Even though I still feel shitty today, I wanted to give an update as to what is going on with me and this cancer thing. Last you heard, my temperature was a little high on Monday and I was experiencing a dry cough. Well, as the day went on, I started to get short of breath. Thankfully, I was scheduled to see my oncologist anyway on Tuesday, and he got right on it.
After a chest x-ray, pulmonary function test, and a detailed CT scan of my lungs, my oncologist was able to find that I’m experiencing decreased lung function and inflammation on my lungs. In other words, I’m positive for drug induced lung toxicity. It’s no joke.
One of my chemo drugs, Bleomycin, which is the “B” in my ABVD Hodgkins cocktail, is known for basically poisoning the lungs. It can cause inflammation and scarring on the lungs that reduces the amount of air I take in and oxygen I absorb. It happens to about 18% of people taking my chemo cocktail, and can be fatal if not addressed right away.
Thankfully my oncologist says it looks like we caught it early. The damage can be permanent, but he has high hopes mine will be reversible. I’m starting on Prednisone (steroids) right away to help reduce the inflammation and the coughing. I didn’t end up getting chemo this week, but will likely not be taking the Bleomycin with my chemo next week. From what I’ve read, Bleomycin is the most effective in the first three months of treatment anyways, so hopefully taking me off of it won’t affect how successful the chemo is at killing the cancer. I’ll also be seeing a respiratory therapist once a week.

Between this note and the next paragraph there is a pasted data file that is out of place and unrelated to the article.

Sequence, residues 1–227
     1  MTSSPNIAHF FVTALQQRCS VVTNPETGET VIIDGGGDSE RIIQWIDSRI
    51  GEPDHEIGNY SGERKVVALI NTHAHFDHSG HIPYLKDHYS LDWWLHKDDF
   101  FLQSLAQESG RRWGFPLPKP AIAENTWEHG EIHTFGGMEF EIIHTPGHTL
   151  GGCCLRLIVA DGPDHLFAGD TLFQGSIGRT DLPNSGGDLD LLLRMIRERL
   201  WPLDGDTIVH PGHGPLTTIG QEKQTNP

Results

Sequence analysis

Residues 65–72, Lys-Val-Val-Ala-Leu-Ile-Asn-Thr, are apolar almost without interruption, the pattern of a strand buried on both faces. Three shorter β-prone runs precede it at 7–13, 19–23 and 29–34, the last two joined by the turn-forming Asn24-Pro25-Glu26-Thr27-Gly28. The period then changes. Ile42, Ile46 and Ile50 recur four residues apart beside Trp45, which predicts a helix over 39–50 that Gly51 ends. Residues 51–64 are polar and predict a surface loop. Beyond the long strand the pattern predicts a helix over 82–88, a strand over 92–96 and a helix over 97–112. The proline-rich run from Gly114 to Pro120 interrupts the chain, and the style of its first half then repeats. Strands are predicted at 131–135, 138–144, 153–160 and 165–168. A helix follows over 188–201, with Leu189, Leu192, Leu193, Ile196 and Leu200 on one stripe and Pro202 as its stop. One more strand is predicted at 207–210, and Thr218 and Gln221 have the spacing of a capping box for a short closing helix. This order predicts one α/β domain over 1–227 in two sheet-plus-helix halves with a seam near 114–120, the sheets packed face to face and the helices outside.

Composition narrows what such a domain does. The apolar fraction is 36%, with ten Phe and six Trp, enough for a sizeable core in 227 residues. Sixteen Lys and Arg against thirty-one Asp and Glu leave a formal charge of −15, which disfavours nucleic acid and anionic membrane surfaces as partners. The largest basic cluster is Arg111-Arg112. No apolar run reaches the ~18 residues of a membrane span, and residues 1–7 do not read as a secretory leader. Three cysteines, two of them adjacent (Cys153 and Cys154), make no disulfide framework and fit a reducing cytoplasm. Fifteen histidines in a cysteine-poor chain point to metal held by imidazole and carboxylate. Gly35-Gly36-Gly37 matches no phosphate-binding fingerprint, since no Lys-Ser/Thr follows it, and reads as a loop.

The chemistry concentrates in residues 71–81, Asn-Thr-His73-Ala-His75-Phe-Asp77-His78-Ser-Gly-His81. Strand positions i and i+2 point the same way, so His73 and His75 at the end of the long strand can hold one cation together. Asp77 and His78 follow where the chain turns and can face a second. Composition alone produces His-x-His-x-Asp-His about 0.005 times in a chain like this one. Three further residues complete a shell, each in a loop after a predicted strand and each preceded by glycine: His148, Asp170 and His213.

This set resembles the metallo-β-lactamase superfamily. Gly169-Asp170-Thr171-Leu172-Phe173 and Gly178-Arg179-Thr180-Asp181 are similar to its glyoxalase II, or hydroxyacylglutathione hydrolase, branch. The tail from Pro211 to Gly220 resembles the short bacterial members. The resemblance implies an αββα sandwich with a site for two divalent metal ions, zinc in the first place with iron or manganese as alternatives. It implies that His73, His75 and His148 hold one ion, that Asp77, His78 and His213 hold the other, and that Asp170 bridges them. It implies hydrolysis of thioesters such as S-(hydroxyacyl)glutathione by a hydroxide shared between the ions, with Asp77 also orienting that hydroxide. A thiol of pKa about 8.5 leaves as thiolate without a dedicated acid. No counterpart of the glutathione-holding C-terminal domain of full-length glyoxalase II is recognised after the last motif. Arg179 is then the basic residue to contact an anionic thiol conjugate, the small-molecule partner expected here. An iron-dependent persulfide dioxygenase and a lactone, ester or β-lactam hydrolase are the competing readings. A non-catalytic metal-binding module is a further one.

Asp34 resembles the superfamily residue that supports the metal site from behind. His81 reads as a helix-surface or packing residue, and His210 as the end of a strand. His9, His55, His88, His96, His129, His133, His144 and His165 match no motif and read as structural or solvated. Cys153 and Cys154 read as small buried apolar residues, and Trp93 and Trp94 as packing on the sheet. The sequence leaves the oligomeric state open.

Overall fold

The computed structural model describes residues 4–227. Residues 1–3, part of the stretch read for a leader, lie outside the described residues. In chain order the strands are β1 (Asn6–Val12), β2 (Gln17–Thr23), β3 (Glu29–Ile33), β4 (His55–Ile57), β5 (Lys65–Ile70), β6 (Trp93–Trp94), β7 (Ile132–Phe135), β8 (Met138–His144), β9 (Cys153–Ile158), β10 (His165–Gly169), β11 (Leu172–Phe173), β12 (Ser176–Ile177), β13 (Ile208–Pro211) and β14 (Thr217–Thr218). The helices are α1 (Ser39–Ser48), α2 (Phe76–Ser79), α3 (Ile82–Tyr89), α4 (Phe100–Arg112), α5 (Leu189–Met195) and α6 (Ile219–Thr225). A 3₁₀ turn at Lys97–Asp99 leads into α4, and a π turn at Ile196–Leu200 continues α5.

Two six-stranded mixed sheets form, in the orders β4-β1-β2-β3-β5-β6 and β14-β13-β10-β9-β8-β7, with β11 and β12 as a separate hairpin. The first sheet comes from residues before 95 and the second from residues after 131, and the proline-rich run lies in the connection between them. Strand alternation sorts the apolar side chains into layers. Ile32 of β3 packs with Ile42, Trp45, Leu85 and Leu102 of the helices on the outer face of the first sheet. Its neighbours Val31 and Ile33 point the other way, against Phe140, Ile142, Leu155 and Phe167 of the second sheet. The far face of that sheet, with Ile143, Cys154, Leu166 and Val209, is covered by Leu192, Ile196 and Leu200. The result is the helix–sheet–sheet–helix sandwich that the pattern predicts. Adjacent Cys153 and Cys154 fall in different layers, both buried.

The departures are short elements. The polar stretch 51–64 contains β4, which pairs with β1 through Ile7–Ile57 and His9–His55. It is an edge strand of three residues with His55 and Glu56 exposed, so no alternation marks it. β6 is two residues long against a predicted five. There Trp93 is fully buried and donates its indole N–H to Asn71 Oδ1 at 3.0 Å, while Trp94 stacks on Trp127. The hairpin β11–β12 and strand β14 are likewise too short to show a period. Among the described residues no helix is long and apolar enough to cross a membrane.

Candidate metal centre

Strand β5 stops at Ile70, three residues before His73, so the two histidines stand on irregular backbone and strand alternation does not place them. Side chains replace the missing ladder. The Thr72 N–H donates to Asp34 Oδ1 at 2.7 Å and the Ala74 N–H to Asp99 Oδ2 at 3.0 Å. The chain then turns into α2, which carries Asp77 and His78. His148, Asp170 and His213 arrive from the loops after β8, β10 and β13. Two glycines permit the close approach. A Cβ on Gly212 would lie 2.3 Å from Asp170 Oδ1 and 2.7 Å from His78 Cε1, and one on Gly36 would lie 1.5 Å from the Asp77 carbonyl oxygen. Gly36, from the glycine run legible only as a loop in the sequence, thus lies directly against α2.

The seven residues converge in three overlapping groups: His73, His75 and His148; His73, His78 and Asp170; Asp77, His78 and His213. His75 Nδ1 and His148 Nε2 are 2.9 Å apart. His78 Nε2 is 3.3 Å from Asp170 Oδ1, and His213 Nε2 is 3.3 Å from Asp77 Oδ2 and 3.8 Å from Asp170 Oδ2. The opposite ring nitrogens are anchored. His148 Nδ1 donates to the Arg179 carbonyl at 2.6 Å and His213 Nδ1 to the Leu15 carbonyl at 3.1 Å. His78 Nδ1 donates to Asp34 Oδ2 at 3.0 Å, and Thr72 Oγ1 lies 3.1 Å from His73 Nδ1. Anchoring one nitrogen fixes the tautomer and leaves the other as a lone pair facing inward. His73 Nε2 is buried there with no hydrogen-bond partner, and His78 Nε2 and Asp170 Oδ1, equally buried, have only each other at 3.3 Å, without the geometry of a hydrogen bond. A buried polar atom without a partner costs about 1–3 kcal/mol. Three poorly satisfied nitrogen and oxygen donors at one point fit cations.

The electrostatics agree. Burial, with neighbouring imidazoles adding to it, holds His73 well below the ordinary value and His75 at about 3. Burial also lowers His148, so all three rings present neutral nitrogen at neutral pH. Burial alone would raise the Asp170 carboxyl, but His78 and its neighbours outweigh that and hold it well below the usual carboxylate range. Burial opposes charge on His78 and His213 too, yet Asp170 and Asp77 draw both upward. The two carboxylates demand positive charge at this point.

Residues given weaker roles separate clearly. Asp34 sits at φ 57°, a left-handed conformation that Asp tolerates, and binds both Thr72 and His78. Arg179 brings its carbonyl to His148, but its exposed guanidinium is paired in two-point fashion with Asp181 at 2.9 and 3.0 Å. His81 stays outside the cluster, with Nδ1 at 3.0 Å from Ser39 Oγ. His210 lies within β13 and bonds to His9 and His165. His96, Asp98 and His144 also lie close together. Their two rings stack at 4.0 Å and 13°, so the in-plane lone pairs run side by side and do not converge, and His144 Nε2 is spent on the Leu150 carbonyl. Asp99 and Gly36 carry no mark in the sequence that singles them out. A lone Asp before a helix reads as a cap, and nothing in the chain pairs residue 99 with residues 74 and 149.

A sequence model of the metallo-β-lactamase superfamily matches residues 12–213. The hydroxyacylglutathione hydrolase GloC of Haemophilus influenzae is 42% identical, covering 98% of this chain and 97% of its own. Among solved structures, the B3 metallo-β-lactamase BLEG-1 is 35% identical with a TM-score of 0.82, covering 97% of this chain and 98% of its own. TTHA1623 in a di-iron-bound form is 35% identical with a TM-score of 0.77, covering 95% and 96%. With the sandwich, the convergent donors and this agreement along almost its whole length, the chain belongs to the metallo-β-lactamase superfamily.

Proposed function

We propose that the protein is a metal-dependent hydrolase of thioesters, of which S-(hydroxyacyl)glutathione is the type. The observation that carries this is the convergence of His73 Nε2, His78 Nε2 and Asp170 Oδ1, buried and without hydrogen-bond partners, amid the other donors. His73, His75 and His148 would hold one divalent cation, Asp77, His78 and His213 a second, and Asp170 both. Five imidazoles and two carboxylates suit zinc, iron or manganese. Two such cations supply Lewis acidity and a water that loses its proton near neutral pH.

I am pretty bummed about this new development. For one, I can’t get off the couch without gasping for air. I wake up in the middle of the night with coughing fits that just won’t end. Even though it’s been two weeks since my last chemo, I’m still exhausted because my body isn’t taking in enough oxygen. Don’t get me started on having to take Prednisone. I’m guaranteed a 20 lb weight gain as a side effect of that one. My moods will change, and it will put my bones at risk of breaking.
I’m at least secretly happy that I have this extra week of being chemo-free to allow my body to recover more before I tackle my next six treatments. I thought hitting the halfway mark would be a great milestone, but it’s definitely more of a reminder of just how long and gruelling this experience is. I knew I would hit bumps along the way, but that still doesn’t make the bumps any easier. I just have to buckle down, sharpen my focus, and know that there is a light at the end of this tunnel.